Never considered that ones growth in faith could grow out of and be sustained by a conversation between the church and its Bible. Never even thought that reading my Bible might be considered as having a conversation but it is a refreshing and pleasing thought. We, who read and study the Bible, generation after generation, pass on our collective beliefs that make the relationships that define the Christian faith. To be sure there are other voices, even those that weren’t invited that also become part of the conclusions reached. We would like to believe that those conclusions reached were weighted in context by the Christian community and the Book. Not everyone in the community will have equal input and in some cases none at all. The NIB points out that not every book in the Bible participates equally in the conversation with the church. There is the caveat of the church’s willingness or ability to hear it, Hebrews being an example of this. It is not the least read, but it is about halfway out of the 66 books in popularity. It would be misleading to say the book of Hebrews has been left out of these conversations, it has not. The church has called on Hebrews many times, most commonly for a benediction at many church assemblies.

Hebrews 13: 20-21.20 Now may the God of peace, who through the blood of the eternal covenant brought back from the dead our Lord Jesus, that great Shepherd of the sheep,21 equip you with everything good for doing his will, and may he work in us what is pleasing to him, through Jesus Christ, to whom be glory for ever and ever. Amen.

No need to cover all that is here in this introduction so if you will allow me, I will just wander through lifting a few things here and there. It is noted that the author of Hebrews has great skill in the use of the Greek language, more than any other New Testament writer. It is worth noting that there are some stunning facts worth sharing here. The NIB notes not only the skill in the use of language but that within this book we find “the finest example of homiletical rhetoric available to us from the first century CE.” (volume xii page 4 NIB) The skill and the use of old testament writings in this New Testament writing create a well deserved but not often expressed appreciation for the book of Hebrews. This next tidbit would have never come to my mind. Let’s be plain here, this kind of depth of study is not a common factor or trait of those of us in the Pew. One difficulty that this book has, its name! The Gospels, Acts and Paul are for the most part familiar ground for us in the pew. The placement of Hebrews near the end of the NT is sometimes read as a value judgment. There is yet another interesting observation in this introduction from NIB. Galatians, Corinthians and Philippians are seen as geographical designations and once there we find ourselves to be more alike the people there than different.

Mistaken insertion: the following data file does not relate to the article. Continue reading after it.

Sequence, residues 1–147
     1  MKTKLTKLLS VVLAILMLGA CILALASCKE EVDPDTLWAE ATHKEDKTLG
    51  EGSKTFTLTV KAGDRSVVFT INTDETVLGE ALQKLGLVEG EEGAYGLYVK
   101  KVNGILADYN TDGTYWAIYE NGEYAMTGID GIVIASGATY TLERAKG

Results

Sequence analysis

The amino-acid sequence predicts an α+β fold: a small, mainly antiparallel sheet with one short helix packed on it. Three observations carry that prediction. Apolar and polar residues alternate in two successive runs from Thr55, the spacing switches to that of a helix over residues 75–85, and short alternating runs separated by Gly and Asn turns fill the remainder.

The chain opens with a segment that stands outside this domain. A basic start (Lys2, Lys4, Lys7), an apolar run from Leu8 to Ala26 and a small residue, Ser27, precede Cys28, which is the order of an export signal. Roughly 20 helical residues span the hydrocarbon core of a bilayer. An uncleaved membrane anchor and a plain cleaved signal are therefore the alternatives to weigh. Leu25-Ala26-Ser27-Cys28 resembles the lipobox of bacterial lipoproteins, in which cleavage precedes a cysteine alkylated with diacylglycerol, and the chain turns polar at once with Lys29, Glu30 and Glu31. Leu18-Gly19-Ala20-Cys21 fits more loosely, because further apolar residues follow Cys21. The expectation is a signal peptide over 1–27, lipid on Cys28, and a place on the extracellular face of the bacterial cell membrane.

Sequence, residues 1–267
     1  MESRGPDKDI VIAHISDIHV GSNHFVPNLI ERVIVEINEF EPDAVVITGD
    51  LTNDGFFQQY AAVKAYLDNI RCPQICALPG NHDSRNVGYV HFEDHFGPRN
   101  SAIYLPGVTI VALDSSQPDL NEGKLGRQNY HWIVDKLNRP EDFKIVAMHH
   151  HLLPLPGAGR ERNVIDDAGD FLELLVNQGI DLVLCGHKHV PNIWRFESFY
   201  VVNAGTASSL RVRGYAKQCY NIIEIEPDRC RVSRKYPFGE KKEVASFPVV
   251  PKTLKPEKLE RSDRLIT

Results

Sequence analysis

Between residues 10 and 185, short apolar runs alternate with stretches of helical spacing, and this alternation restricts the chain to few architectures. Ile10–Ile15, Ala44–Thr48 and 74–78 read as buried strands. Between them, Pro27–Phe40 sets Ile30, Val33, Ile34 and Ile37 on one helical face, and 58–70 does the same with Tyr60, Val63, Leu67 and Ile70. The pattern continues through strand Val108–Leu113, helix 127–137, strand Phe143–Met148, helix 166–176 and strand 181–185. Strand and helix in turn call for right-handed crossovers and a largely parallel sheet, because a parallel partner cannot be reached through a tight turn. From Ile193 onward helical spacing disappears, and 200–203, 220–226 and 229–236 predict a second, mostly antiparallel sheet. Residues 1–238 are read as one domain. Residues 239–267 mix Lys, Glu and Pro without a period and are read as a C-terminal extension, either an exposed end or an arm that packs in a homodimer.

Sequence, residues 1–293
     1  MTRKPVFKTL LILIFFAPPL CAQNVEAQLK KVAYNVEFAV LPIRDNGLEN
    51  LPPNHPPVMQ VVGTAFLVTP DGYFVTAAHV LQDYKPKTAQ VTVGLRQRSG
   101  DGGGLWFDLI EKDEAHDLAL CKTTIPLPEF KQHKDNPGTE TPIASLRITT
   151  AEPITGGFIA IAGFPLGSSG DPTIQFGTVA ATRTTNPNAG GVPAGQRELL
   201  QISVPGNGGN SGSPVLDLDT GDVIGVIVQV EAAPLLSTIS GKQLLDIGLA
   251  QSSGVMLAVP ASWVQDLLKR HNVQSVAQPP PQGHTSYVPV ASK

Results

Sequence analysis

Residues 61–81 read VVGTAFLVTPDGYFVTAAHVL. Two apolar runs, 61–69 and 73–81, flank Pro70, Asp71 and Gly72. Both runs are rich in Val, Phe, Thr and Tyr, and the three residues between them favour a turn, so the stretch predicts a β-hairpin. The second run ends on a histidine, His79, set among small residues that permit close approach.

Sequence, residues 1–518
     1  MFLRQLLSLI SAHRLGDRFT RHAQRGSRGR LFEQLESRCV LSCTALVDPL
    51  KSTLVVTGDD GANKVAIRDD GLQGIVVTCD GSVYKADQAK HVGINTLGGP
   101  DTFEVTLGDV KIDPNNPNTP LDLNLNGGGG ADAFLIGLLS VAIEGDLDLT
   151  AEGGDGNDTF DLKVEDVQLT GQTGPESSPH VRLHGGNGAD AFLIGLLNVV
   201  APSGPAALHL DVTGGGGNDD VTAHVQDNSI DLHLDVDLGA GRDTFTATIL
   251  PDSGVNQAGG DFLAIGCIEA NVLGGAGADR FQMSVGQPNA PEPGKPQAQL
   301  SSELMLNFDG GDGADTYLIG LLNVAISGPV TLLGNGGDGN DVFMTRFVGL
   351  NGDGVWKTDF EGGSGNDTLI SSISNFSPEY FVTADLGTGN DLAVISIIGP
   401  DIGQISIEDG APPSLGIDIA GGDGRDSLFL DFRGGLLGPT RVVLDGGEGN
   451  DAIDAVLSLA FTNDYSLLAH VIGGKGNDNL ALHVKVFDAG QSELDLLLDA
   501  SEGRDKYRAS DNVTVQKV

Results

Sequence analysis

Hebrews, well that is not a geographical term, “it is ethnic, and ethnic distances are more complex, more difficult to negotiate, requiring more energy than some people are willing to expend.”(NIB page 4)

I have simply wanted to share with you the wealth of information available to us in the Pew that enriches our discernment of the Gospel as written. These are great times for us ordinary folks to gain insight into the extraordinary wealth of information available to us. That said, let’s finish this and save our batteries till next time we leave the pew.